Date: 13-Jan-2007
From: Pavel Stranak <stranakufal.mff.cuni.cz>
Subject: 45th Annual Meeting of the Association for Computational Linguistics



Full Title: 45th Annual Meeting of the Association for Computational Linguistics
Short Title: ACL07

Date: 24-Jun-2007 - 29-Jun-2007
Location: Prague, Czech Republic
Contact Person: Annie Zaenen
Meeting Email: < click here to access email >
Web Site: http://www.acl2007.org

Linguistic Field(s): Computational Linguistics

Call Deadline: 23-Jan-2007

Meeting Description:

Information on the Annual meeting of the ACL can be found at
http://www.acl2007.org

Approaching deadlines reminder: 10 days left
(January 13, 2007)
www.acl2007.org

Approaching deadlines:
Main conference: January 23, 2007
Student research workshop: January 23, 2007

Table of Contents
1. Main Conference Call for Papers
2. Student Research Workshop Call for Papers

1. Main Conference Call for Papers
Program Co-Chairs:

Annie Zaenen (PARC, USA)
Antal van den Bosch (Tilburg University, The Netherlands)

Important Dates:
Paper submission deadline: January 23, 2007
Notification of acceptance: March 23, 2007
Camera ready papers due: May 4, 2007

The Association for Computational Linguistics invites the submission of
papers for its 45th Annual Meeting. Papers are invited on substantial,
original, and unpublished research on all aspects of computational
linguistics, including, but not limited to: pragmatics, semantics,
syntax, grammars and the lexicon; phonetics, phonology and morphology;
lexical semantics and ontologies; word segmentation, tagging and
chunking; parsing; generation and summarization; language modeling,
spoken language recognition and understanding; linguistic, psychological
and mathematical models of language; document retrieval, question
answering, information extraction, and text mining; machine learning for
natural language; corpus-based modeling of language, discourse and
dialogue; multi-lingual processing, machine translation and translation
aids; multi-modal and natural language interfaces and dialogue systems;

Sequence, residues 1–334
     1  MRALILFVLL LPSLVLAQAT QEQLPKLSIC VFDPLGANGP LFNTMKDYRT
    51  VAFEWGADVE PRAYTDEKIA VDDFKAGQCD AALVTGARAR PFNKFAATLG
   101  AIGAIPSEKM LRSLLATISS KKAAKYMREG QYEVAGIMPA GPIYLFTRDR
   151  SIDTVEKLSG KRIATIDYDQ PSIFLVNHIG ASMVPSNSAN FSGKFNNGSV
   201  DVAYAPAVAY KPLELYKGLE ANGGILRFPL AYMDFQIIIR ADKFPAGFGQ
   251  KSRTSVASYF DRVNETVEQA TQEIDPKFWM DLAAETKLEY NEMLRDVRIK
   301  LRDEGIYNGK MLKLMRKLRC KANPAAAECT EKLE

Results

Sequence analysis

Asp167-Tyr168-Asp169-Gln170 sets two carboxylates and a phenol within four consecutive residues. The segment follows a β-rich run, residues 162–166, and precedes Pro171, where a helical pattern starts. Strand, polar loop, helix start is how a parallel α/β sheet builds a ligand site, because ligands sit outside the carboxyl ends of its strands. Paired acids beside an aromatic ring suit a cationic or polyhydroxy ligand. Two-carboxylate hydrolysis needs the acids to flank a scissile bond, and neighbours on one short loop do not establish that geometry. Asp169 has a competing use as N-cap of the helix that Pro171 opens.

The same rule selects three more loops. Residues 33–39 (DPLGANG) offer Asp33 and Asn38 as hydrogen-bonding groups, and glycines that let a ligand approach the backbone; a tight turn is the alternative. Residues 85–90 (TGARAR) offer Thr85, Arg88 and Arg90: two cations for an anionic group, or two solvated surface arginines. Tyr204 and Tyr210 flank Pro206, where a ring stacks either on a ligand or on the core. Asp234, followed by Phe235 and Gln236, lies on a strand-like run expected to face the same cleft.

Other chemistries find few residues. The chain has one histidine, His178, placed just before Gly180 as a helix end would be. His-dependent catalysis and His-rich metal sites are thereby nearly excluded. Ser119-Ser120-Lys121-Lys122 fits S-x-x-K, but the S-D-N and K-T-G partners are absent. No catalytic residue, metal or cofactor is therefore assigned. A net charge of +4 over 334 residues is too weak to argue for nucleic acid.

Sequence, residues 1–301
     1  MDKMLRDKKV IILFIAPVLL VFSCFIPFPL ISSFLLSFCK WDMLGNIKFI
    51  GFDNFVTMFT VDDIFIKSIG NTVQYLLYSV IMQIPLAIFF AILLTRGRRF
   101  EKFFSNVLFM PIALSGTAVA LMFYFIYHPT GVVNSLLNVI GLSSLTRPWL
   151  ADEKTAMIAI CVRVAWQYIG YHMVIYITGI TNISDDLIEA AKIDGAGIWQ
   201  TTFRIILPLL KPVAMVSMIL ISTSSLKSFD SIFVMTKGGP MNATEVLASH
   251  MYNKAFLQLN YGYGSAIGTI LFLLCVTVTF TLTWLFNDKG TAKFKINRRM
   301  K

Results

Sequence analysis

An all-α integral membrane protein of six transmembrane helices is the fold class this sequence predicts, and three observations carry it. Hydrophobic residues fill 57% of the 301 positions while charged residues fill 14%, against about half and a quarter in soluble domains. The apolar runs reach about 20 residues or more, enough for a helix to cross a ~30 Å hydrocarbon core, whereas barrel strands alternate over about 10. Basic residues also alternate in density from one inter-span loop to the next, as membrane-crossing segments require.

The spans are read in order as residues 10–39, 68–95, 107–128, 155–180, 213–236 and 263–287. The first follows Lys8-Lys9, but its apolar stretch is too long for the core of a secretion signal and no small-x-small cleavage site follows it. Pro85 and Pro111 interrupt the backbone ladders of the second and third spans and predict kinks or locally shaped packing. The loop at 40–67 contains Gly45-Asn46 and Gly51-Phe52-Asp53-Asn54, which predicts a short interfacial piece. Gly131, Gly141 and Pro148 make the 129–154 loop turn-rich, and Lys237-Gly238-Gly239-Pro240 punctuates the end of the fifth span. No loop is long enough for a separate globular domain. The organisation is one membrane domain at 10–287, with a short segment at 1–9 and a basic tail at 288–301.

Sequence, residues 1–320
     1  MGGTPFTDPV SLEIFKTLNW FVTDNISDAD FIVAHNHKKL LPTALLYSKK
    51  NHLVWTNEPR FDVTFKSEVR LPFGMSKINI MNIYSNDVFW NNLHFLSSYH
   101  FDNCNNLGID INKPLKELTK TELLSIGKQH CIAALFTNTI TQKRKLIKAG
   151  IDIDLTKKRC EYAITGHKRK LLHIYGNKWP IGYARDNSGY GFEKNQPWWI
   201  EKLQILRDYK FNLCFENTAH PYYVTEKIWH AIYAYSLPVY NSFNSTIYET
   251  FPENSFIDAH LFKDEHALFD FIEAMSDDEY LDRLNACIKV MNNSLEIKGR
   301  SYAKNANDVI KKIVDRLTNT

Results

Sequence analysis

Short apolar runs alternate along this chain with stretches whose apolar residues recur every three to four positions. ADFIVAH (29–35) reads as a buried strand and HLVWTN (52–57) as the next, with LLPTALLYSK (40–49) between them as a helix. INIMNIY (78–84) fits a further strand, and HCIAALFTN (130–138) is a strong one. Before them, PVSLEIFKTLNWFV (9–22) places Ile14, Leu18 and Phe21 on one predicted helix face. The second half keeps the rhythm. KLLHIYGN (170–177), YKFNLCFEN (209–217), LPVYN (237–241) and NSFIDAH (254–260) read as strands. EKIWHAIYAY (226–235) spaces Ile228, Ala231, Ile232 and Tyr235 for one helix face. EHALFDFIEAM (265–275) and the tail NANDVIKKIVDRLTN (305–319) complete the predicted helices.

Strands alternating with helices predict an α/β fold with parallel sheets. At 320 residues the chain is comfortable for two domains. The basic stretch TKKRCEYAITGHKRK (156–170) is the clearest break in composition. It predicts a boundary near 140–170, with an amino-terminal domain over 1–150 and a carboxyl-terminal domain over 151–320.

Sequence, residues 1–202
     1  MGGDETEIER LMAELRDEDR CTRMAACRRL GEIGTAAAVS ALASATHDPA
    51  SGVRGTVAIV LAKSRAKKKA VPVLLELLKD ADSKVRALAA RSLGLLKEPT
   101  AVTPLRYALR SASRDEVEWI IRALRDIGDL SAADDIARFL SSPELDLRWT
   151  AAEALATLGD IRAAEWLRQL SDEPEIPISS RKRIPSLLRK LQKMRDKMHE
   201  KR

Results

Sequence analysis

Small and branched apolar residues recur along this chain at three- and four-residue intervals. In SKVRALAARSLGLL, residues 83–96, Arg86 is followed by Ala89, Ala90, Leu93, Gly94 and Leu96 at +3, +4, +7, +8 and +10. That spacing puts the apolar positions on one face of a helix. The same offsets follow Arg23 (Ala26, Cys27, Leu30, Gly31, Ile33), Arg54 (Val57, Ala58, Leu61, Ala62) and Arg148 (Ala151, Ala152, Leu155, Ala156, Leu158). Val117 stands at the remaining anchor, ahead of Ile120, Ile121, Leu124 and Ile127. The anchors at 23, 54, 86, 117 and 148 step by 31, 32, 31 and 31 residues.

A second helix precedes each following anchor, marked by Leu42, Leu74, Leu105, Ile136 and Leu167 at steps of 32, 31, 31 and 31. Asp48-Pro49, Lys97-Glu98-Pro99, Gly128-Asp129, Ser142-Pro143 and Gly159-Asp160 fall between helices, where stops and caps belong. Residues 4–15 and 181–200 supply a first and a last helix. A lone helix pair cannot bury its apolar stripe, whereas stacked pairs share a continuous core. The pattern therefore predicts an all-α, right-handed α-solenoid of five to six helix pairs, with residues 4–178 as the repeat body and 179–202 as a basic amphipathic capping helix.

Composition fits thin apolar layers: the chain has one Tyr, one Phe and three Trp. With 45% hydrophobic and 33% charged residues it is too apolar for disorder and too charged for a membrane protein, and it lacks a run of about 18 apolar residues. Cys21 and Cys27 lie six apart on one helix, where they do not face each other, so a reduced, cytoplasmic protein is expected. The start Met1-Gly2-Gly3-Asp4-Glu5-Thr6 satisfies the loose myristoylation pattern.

applications, tools and resources; and evaluation of systems.

For further information regarding requirements, reviewing, formatting
and submission details, see the conference web site:
http://www.acl2007.org/

2. Student Research Workshop Call for Papers
Student Research Workshop Co-Chairs:

Violeta Seretan (University of Geneva, Switzerland)
Chris Biemann (University of Leipzig, Germany)
Ellen Riloff, Faculty Advisor (University of Utah, USA)

Important Dates:
Paper submission deadline: January 23, 2007
Notification of acceptance: March 23, 2007
Camera ready papers due: May 4, 2007

The Student Research Workshop is an established tradition at ACL
conferences. The workshop provides a venue for student researchers
investigating topics in Computational Linguistics and Natural Language
Processing to present their work and to receive feedback both from the
general audience and from selected panelists -- experienced researchers
who prepare in-depth comments and questions in advance of the
presentation.

We invite all student researchers to submit their work to the workshop.
As the main goal of the workshop is to provide feedback, the
emphasis is on work in progress.

For further information regarding requirements, reviewing, formatting
and submission details, see the conference web site:
http://www.acl2007.org/